Lessons from the Camino

Tracy Bennett | January 14th, 2023

Sitting on the edge of my bunk in the cramped hostel (albergue) in Spain, I gingerly rubbed lotion into my tender and blistered feet. Today was hard. Even though I considered myself a seasoned pilgrim, 10 days into my second 500-mile Camino trek, I was tired and feeling a bit defeated. I had missed a wayfinding marker adding five miles onto my already long day. The unanticipated rainstorm mid-afternoon left me drenched and cold. As I put on my sandals and took out my journal to write my daily reflection, I couldn’t help but ask myself, “What am I doing here?”
I retired from headship three months earlier and was looking forward to this walk across Spain. The Camino de Santiago, or Camino, is a pilgrimage of medieval origin that starts at various points throughout Spain, Portugal, and France and culminates at the Cathedral of Santiago de Compostela in Galicia. It would offer time to step back from the pressures of school leadership, relax, and contemplate what might come next in my professional and personal journey. Yet, I was feeling much the same as I had at times while leading a school community: weary, frustrated, lonely, and a bit lost. At the end of each day, I also felt immensely satisfied by and rewarded for my efforts. I couldn’t help but note the parallels between this experience and my decade as a head of school.
I probed this thinking further in my journal that afternoon and in the days that followed. Walking for 30 days gives you a lot of time to think! I realized that many of the insights and lessons I’ve taken away from my pilgrimages are indeed relevant for school leaders.

1) Planning is everything.
Every afternoon I read about the route for the following day, making notes on landmarks to look for and sites to see along the way. While it didn’t guarantee things would go smoothly, I left each morning feeling I was ready for whatever the day brought. As head, doing your homework, anticipating obstacles, and having ready the resources you need ensure you feel prepared, even when the unexpected storm comes your way. It also inspires confidence in your leadership and reassures your team that “we’ve got this!”1

2) Check the forecast.
Often trekking is just putting one foot in front of the other, day after day. But knowing where you are at any given moment and reading the weather matters when you are on the trail and exposed to the elements. It’s critical to keep your eyes on the horizon and the skies. As a school leader it is easy to fall into the trap of just managing the day to day stuff. Keeping up with trends, forecasts, and the latest information decreases the likelihood of a blindsiding event that knocks you off your feet and potentially impacts your school for months or years to come.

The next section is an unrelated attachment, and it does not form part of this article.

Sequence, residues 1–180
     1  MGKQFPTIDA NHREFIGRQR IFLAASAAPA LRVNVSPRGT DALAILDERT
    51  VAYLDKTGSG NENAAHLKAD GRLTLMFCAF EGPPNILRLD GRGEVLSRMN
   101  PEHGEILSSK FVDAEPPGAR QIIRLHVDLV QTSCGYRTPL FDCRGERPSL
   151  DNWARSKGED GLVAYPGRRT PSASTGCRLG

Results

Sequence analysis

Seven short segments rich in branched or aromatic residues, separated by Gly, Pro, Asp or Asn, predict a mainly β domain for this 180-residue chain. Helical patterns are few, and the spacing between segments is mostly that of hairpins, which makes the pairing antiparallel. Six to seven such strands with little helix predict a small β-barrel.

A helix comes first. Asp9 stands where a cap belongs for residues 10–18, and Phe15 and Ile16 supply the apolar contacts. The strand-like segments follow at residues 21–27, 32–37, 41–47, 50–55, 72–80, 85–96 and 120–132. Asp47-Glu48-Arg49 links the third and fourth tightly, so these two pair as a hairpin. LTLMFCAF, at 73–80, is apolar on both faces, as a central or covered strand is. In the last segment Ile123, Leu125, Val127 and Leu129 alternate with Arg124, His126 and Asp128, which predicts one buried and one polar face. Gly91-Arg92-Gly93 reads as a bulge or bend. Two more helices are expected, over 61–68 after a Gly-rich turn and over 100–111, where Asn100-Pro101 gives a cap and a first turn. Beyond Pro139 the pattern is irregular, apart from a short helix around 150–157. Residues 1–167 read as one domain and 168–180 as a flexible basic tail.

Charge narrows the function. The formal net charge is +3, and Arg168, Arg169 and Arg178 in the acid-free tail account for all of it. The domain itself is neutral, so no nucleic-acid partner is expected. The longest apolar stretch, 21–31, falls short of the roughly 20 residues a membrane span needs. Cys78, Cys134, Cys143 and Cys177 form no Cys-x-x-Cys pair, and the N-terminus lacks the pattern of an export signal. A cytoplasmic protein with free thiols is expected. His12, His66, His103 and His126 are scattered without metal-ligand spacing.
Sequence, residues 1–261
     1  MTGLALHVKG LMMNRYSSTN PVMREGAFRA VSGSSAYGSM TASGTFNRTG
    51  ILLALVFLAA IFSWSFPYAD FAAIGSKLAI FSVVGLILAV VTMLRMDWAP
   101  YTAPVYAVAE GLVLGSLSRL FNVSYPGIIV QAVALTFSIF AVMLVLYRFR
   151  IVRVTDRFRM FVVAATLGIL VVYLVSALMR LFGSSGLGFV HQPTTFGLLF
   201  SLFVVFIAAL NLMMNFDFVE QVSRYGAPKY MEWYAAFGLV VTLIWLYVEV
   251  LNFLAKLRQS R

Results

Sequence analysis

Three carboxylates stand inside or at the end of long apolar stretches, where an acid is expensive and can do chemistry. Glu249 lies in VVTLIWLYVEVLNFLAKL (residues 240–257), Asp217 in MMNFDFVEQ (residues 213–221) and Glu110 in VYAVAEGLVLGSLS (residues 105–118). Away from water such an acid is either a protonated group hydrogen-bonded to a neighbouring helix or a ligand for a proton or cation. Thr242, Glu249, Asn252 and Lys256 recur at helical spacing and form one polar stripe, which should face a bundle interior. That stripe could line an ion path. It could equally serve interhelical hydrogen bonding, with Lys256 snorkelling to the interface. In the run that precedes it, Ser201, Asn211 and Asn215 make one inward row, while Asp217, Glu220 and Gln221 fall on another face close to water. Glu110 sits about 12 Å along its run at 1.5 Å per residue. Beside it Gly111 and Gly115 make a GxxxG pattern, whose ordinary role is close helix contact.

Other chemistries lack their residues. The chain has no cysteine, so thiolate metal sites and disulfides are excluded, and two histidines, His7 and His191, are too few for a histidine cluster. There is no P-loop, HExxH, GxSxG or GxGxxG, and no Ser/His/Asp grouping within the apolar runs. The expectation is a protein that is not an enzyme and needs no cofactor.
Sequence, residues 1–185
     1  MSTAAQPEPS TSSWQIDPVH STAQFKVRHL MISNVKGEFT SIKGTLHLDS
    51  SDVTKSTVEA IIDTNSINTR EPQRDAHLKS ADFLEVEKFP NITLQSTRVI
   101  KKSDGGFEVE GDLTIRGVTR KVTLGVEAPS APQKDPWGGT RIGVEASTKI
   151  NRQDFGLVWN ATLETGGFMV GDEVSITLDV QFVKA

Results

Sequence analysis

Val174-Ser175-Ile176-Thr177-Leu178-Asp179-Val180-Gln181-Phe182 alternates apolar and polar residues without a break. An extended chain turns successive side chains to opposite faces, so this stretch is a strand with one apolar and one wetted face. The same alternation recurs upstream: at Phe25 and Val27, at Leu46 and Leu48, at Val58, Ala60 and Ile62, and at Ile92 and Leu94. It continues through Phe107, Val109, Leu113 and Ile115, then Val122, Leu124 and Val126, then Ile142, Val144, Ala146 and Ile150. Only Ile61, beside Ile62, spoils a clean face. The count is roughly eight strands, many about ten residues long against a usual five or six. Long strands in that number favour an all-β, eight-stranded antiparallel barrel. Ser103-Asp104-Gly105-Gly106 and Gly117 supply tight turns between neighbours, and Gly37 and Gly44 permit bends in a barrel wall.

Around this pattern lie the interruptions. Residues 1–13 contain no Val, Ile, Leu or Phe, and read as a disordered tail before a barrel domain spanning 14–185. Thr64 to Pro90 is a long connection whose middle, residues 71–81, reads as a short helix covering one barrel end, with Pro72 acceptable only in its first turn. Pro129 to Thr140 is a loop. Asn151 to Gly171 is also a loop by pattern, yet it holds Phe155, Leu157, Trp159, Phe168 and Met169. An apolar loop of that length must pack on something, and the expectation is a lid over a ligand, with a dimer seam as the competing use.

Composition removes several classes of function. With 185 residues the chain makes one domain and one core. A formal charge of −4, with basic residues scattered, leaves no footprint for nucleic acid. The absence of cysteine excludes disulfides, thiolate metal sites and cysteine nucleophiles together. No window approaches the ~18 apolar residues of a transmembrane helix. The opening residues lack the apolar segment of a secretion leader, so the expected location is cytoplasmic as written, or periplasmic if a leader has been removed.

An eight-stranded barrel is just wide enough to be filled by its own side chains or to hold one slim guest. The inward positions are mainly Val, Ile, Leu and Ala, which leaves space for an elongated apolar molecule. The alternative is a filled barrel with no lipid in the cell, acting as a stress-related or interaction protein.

3) Embrace the unexpected.
I recall a particular afternoon when every albergue in the town where I planned to spend the night was full. Frustrated, I had to walk on to the next village. Ugh! As it turned out I ended up staying in a charming casa rural where I enjoyed an absolutely lovely evening. Not what I had planned, but a highlight of my trip. Some of the most memorable experiences I had both on the Camino and in schools were the ones I didn’t expect. As a leader, try not to judge, loosen your grip on expectations, and be ready to roll with the punches. You’re likely to be pleasantly surprised if you do!

4) It’s the little things that count.
On my first walk I discovered the most valuable items in my pack were some of the smallest; safety pins and plastic bags. As a head of school, looking after little things makes a big impact. Stacking chairs, shoveling some snow, sending a handwritten note acknowledging an achievement or a loss, expressing gratitude. Small things matter.

5) Take a rest day. Period.
Giving yourself permission to rest—really rest—is critical to physical, emotional, and spiritual health.

6) Don’t be afraid to try new things.
And expect to not like some of them. Pulpo is a delicacy on the northern coast of Spain, and sampling it is a rite of passage for any pilgrim. My first taste of pulpo was not as awful as I anticipated, but it was my last. Remember that ice breaker you were nervous to try at a staff meeting? And how to your surprise it connected your team in new and meaningful ways? Sometimes you just have to do it and decide later if it is worth repeating or not.

7) Take time to enjoy the journey.